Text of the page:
But I do also feel the fish pond effect. Let’s say, if there is one person in a thousand who likes to read the kind of literature I am trying to write, then there would be about a thousand of such people around in Estonia, and maybe not all of them would find their way to my book. In neighbouring Finland, for example, the population is five times bigger than ours, but the number of members in their Writers’ Union is just about twice the amount of ours, even though in Finland you are offered membership of the union automatically after you have published two books, while in Estonia there is a more complicated procedure and there are quite a few authors who have published a lot, but do not belong to the union. Our literature is thus quite big, considering the number of its readers. On the one hand, this suggests, of course, that our literature is thriving, but on the other, this also means it is much more difficult for our authors to achieve a stable readership.

In your interview on the turbulent times of 1992 you mentioned that the US was far more aggressive and dangerous in a sense of cultural takeover than Russia ever was. Two of your books are published in the US. Is that your attempt to bring culture to the US? Do you feel that, over the last 26 years, the cultural craving of Estonians have developed beyond hamburgers?

To the last question: yes, luckily. It should be stressed that I was talking about the cultural, not the political situation. We unfortunately still have to fear a lot from the side of Russia, especially now that it has reverted to autocracy, but for the same reason the likelihood that the Russian popular culture would outweigh Western influences in our world is close to zero. However, the pressure on Estonian literature has remained. Books in English are cheaper and most Estonians freely read English, some even speak their mother tongue with a large percentage of English words and expressions, sometimes so that only the grammar is what remains Estonian, with its case endings and tenses. So the fate of our culture is, for the first time in centuries, entirely in our own hands.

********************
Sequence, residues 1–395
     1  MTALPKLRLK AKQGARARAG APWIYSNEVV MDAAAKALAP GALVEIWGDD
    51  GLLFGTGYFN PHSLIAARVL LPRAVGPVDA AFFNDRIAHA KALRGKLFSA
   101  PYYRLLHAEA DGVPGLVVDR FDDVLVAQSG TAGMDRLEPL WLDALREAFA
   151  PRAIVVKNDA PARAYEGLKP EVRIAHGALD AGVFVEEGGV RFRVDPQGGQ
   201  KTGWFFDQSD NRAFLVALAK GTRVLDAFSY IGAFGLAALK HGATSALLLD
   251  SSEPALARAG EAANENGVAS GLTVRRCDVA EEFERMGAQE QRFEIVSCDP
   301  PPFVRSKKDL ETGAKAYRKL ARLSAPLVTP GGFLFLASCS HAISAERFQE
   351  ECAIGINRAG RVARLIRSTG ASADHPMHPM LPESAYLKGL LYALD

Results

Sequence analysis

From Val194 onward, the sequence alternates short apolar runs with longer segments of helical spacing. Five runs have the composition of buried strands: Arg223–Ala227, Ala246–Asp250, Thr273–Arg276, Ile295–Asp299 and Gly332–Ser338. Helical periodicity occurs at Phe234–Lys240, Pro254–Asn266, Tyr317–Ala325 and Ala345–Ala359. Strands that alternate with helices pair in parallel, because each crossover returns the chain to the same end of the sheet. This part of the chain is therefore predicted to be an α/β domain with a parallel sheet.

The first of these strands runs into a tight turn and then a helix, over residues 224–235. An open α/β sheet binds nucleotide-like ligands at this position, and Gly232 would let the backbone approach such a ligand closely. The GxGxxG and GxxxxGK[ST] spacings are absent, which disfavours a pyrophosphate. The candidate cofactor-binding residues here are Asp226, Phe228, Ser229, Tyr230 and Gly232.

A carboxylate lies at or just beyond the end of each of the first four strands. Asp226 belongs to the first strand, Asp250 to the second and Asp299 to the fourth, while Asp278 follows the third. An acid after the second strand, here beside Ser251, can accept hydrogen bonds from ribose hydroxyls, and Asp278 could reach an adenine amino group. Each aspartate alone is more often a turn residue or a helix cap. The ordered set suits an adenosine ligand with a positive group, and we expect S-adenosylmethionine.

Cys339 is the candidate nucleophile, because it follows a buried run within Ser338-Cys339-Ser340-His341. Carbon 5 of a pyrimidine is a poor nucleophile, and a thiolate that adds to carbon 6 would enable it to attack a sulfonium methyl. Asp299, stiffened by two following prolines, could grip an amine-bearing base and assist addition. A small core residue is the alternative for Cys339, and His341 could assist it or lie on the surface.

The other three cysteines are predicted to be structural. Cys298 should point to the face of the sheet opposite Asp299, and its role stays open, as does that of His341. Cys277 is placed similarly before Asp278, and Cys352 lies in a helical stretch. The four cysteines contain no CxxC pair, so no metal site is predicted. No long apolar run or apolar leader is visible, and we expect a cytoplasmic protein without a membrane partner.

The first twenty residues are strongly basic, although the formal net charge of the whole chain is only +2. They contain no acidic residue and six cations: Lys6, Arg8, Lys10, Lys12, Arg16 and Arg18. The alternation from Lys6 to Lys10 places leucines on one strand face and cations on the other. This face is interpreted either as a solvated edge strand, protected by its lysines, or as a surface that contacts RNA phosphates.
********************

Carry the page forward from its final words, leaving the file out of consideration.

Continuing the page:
I have no tolerance for nationalism in the sense of thinking one’s own ethnic heritage is somehow superior than anyone else’s, but I do think our language should survive, and nothing but writing things in it that will really speak to others – including foreigners who might want to learn our language – can preserve it. Luckily, there is also the Estonian Cultural Endowment, a foundation to which a certain part of taxes on alcohol, tobacco and gambling are diverted and the funds are then distributed, not by state officials but artistic professionals, to projects fostering different parts of Estonian culture, literature included. If the cowboy capitalism of the early 1990s would have become the foundation of the Estonian cultural politics for a longer time, the Estonian literature would probably already be on its way to extinction, as the competition with imported works would be much more severe.

As to the US and the Anglophone world in general, I am very glad that the interest toward translated literature has risen significantly over the last decades and started to include also literatures in smaller and less known languages such as ours. All things considered, Estonian authors are doing quite well in the international market. Of course there is no need to “bring culture” to the English-speaking readers of literature, but to broaden the scope –well, maybe.


Cover: Rein Raud has published eight novels and three collections of stories; three of his novels have been published in the Anglophone world.